Dave Hockaday

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Dave Hockaday
DavidHockaday@FGRFC.jpg
Hockaday as manager of Forest Green Rovers
Personal information
Full name David Hockaday[1]
Date of birth (1957-11-09) 9 November 1957 (age 57)
Place of birth Sedgefield, England
Height 5 ft 9 in (1.75 m)
Playing position Winger / Right-back
Club information
Current team
Swindon Supermarine
Youth career
Billingham Synthonia
Senior career*
Years Team Apps (Gls)
1975–1983 Blackpool 147 (24)
1983–1990 Swindon Town 245 (7)
1990–1993 Hull City 72 (2)
1993 Stoke City (loan) 7 (0)
1993–1995 Shrewsbury Town 48 (0)
1995 Cirencester Town
Total 519 (33)
Teams managed
2009–2013 Forest Green Rovers
2014 Leeds United
* Senior club appearances and goals counted for the domestic league only.
† Appearances (Goals).

David "Dave" Hockaday (born 9 November 1957) is an English former professional footballer who is currently assistant manager of Southern League Division One South & West side Swindon Supermarine, following a 6-match stint as head coach of Leeds United.

A former professional footballer, Hockaday played for Blackpool, Hull City, Shrewsbury Town, Stoke City and Swindon Town. as a right-back. After his playing career ended he helped establish a football academy at Cirencester, as well as spending time as first team coach at Watford and as youth team coach at Southampton. He also spent four years as manager of Conference Premier side Forest Green Rovers.

In June 2014, Hockaday became the new head coach of Leeds United. On 28 August 2014, his contract was terminated by the owner of Leeds United.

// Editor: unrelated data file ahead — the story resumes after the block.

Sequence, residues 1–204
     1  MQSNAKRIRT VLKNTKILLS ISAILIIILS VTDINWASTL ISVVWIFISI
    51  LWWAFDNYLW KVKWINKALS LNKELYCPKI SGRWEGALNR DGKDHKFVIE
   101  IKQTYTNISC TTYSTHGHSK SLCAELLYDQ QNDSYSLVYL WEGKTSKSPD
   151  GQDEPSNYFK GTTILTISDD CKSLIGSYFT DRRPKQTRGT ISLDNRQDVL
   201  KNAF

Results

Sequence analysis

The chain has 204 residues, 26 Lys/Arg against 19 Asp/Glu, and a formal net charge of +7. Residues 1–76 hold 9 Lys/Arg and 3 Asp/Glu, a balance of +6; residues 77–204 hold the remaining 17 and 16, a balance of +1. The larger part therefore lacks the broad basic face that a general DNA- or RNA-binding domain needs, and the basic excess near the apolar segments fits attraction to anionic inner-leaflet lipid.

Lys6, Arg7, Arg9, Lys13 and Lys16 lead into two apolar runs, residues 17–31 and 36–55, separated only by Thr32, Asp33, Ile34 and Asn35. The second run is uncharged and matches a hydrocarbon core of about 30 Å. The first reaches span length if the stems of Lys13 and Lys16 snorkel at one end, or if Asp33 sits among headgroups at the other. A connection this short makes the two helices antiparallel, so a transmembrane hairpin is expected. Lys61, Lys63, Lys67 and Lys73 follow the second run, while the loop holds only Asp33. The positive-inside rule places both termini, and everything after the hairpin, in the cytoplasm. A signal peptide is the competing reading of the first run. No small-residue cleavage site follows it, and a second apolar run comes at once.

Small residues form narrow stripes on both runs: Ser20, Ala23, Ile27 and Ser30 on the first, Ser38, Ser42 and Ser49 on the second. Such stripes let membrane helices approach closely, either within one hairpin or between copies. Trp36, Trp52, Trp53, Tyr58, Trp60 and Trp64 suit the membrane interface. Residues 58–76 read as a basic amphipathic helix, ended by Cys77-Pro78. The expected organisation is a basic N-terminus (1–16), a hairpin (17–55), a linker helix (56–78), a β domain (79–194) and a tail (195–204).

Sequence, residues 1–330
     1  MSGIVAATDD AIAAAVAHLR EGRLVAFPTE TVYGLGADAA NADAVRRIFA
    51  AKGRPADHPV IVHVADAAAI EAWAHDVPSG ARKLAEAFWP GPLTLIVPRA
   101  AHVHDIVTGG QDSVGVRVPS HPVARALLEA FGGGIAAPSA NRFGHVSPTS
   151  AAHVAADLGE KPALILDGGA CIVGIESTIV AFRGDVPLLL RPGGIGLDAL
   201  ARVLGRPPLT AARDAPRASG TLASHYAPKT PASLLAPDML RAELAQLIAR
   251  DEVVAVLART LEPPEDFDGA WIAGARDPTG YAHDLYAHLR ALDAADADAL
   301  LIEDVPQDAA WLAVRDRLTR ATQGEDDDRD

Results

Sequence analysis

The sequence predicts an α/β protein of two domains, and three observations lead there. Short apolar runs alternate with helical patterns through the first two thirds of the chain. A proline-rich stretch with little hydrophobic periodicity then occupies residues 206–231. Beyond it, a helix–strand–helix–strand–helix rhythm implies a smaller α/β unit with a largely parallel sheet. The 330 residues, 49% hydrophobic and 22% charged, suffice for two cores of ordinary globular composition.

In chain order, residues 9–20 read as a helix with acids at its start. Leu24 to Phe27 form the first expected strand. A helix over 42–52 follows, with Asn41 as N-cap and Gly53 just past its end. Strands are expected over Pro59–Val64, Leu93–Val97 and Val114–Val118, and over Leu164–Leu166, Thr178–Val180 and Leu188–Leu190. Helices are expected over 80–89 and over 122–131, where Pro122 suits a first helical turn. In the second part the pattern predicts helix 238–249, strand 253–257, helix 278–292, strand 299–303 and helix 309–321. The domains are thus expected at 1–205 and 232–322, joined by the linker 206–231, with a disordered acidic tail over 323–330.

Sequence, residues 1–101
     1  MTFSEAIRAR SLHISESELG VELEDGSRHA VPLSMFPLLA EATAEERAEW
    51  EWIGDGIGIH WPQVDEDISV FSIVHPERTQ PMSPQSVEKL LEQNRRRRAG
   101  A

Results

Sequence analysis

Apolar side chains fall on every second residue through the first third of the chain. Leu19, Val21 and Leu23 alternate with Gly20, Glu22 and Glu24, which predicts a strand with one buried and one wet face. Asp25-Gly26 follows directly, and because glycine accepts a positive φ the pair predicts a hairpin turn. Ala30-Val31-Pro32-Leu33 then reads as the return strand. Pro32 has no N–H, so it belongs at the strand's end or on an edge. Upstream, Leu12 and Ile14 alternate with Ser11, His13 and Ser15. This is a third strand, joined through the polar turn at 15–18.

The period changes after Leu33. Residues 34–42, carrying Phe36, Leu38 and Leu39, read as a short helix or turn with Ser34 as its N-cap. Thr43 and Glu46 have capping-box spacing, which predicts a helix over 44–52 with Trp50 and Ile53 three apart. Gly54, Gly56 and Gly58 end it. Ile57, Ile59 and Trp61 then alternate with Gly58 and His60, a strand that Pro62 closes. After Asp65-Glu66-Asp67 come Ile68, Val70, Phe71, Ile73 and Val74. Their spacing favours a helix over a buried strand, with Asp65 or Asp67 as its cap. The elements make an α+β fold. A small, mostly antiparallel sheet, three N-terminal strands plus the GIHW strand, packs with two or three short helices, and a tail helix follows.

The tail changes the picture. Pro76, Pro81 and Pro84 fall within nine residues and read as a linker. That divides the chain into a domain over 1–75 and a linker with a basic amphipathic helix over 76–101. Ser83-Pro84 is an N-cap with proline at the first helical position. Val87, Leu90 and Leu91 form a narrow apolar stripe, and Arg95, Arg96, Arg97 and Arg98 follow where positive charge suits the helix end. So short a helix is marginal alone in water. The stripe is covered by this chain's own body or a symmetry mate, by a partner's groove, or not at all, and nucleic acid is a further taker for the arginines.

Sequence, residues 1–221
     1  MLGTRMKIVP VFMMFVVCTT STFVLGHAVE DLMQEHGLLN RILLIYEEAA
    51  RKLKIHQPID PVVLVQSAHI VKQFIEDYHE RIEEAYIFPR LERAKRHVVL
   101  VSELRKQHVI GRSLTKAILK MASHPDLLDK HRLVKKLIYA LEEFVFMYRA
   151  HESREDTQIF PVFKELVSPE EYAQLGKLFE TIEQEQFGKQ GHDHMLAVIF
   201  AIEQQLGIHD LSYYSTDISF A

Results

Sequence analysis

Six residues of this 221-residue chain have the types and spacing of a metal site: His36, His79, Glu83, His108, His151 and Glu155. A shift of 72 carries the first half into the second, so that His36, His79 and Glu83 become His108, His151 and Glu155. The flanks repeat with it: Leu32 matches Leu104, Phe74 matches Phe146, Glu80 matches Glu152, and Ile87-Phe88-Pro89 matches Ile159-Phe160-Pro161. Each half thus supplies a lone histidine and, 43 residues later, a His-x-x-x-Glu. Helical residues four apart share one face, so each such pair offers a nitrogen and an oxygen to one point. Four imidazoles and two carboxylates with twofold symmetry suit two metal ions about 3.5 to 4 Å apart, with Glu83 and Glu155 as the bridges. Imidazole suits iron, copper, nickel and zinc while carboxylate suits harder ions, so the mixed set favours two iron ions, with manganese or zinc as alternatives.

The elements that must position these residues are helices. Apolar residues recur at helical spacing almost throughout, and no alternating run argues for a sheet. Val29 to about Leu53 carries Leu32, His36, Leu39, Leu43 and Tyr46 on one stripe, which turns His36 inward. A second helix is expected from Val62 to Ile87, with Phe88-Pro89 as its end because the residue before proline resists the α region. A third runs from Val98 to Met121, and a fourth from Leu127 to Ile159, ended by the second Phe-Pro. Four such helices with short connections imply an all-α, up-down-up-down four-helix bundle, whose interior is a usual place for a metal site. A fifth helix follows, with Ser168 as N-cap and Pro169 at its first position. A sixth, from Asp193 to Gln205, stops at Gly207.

Playing career[edit]

Blackpool[edit]

Hockaday was born in Sedgefield, County Durham, he started his career as a youth player with Billingham Synthonia. In June 1975, aged 17, he joined Blackpool, then playing in the Second Division. He made his first start for the Tangerines on 25 September 1976, in a 1–0 home loss to Chelsea. Aside from a League Cup second-round tie against Sheffield Wednesday, he sat out the entire 1977–78 campaign, but the following season he became a more regular first-team player as Blackpool slid down the leagues. He scored his first goal for the club in a 3–1 loss at Colchester United on 30 September 1978, and, later that season, scored both goals in Blackpool's 2–1 victory at Lincoln City.

Also on 30 September, this time in 1981, Hockaday was amongst the scorers in Blackpool's 7–1 rout of Halifax Town at Bloomfield Road. In his final season in Lancashire, he made 40 league appearances and scored eight goals, but was unable to prevent Blackpool from finishing fourth from bottom and needing to seek re-election. In his eight seasons at Blackpool he made over 190 first-team appearances, scoring 27 goals.[2]

Swindon Town[edit]

In June 1983, he moved on a free transfer to fellow Fourth Division side Swindon Town. He was a solid, dependable right-back and was part of the team managed by Lou Macari that gained the Fourth Division championship in the 1985–86 season, following this with promotion to Division Two in 1986–87. In 1988–89 Swindon reached the Second Division play-offs but failed in their attempt to gain promotion to the top flight. In 1989–90 Swindon won the Second Division play-off final but Sunderland were promoted instead after the Swindon board admitted a series of financial irregularities. Swindon were initially demoted to the Third Division and replaced by Tranmere Rovers, the division's losing play-off finalists, but this decision was later reversed on appeal. In September 1990, Hockaday moved to Hull City for a fee of £50,000 having made 308 appearances for Swindon, with 11 goals.

Later career[edit]

At Hull City he was part of the side which suffered relegation from the Second Division at the end of the 1990–91 season. He played 15 times for Hull the following season and spent the end the that 1992–93 campaign on loan at Stoke City where he played seven times helping the Potters win the Second Division title.[1] After a third season at Hull he moved on to Shrewsbury Town. He was a member of the Shrewsbury team who won the Third Division title at the end of his first season, before he dropped out of league football, moving to Cirencester Town in 1995.

Coaching career[edit]